Who ties you to your values? Who encourages you to try . . . and try again? Who inspires you to love yourself? Who links you to your optimism?

With the passing of Nelson Mandela this week, I spent some time reviewing his remarkable words with care. This is one of many quotes that spoke to my heart:

“I am fundamentally an optimist. Whether that comes from nature or nurture, I cannot say. Part of being optimistic is keeping one’s head pointed toward the sun, one’s feet moving forward. There were many dark moments when my faith in humanity was sorely tested, but I would not and could not give myself up to despair. That way lays defeat and death.” – Nelson Mandela

Heaven has a place for such souls, that’s for certain. So, I add him to my Rope of Hope. Simply put, it’s the interwoven people who uplift, positively challenge and support me. Those people include my amazing friends, my devoted family, Jesus and my church community, some public figures (like Mr. Mandela, Ally of The Crumb Diaries and Audrey Hepburn) and my loved ones who have passed from this world.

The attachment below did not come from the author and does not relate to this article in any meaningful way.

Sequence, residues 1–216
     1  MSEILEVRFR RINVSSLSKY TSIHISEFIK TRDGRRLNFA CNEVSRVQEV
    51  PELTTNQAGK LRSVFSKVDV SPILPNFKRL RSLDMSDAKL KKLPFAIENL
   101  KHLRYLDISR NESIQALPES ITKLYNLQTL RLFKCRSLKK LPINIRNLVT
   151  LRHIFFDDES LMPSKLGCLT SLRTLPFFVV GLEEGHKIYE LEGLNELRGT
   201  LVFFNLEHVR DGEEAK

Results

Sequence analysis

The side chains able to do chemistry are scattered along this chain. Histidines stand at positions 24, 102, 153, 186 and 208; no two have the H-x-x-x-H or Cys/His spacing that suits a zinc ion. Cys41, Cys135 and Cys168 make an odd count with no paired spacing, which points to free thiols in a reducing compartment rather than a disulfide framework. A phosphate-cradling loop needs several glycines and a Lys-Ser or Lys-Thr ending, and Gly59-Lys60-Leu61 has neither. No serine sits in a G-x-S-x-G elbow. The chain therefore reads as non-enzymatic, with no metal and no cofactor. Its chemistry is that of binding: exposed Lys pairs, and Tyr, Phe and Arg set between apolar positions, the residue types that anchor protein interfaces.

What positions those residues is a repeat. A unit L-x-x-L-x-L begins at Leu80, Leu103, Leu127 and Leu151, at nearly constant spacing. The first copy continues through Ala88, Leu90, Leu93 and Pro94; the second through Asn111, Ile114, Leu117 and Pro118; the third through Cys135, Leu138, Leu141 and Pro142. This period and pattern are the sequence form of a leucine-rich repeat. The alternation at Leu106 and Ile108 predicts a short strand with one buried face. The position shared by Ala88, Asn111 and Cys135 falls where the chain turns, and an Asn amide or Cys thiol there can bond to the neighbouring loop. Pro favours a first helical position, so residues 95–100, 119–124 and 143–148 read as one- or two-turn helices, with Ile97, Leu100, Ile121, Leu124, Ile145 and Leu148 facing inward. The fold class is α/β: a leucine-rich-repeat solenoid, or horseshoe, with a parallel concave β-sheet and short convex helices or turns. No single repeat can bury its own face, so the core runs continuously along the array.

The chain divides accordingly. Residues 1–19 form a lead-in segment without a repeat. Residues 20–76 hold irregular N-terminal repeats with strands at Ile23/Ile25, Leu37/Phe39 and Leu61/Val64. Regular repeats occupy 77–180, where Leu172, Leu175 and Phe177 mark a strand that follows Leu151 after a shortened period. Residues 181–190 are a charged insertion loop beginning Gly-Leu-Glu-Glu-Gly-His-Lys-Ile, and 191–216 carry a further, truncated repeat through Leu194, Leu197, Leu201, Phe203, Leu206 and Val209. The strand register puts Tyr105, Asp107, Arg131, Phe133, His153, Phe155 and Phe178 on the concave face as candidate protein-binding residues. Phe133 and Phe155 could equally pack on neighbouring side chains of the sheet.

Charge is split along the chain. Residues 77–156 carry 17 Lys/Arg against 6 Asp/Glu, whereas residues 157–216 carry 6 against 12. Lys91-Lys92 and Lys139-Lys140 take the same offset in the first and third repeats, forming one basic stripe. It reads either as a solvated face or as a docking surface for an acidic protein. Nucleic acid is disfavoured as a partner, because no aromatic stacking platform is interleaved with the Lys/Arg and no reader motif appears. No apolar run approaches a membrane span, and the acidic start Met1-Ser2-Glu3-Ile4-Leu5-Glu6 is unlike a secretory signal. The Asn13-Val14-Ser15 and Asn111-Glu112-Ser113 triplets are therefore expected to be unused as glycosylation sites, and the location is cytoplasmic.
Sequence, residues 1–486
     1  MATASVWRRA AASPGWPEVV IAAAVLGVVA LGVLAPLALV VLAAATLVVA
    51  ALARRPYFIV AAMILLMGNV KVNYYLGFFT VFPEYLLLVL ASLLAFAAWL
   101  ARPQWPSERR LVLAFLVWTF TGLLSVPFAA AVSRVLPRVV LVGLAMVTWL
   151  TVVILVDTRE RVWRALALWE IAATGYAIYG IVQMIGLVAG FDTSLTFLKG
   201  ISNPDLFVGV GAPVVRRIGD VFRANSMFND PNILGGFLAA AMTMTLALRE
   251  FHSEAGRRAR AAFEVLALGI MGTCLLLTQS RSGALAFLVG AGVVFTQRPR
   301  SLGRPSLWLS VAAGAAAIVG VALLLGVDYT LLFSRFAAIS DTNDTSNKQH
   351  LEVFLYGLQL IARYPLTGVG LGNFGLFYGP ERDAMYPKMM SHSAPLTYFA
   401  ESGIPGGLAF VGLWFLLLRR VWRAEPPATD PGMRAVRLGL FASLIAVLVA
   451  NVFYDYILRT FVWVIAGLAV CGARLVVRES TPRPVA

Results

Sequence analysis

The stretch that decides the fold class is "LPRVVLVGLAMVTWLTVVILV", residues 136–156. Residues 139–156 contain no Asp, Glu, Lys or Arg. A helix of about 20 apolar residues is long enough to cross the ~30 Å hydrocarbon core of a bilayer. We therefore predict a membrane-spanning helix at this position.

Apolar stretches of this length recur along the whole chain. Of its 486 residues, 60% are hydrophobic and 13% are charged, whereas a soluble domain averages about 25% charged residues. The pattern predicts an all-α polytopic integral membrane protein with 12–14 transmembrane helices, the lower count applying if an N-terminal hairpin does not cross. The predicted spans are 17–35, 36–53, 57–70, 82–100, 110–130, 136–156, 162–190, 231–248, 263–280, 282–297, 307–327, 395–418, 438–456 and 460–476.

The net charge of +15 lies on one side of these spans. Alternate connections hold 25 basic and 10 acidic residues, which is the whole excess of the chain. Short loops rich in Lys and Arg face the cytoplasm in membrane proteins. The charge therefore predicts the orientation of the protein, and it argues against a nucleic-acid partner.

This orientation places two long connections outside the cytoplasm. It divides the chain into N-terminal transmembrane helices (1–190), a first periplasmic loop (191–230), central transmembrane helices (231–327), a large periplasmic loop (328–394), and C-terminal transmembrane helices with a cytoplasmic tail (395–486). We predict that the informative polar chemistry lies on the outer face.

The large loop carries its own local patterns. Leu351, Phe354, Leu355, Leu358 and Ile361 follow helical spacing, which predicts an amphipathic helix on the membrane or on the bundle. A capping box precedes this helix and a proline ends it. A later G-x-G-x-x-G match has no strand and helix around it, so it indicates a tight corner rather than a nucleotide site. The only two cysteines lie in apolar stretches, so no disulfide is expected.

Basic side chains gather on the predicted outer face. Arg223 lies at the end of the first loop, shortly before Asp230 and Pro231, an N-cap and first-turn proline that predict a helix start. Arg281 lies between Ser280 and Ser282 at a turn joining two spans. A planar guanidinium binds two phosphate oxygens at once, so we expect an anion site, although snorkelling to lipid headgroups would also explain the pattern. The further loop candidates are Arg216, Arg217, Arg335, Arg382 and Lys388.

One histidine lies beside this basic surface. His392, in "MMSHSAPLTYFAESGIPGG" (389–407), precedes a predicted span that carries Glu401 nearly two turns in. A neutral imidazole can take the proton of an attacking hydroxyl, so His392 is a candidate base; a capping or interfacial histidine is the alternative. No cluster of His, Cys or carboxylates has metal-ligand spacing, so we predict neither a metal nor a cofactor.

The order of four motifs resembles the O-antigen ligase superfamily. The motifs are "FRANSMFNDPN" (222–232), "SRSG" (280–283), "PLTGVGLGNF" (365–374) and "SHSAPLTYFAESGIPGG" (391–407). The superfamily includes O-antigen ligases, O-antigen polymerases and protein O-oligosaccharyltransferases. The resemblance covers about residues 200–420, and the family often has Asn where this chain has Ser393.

Each is a precious strand, binding me carefully to my faith, tugging me back to reality in times of trial and keeping me stable when I leap to new heights. Instead of tying my hands or constraining me from happiness, they help me see the light side and extend the rope to others who need hope. They never fray or sway, and I aspire to be the same for them.

So, who makes up your rope of hope?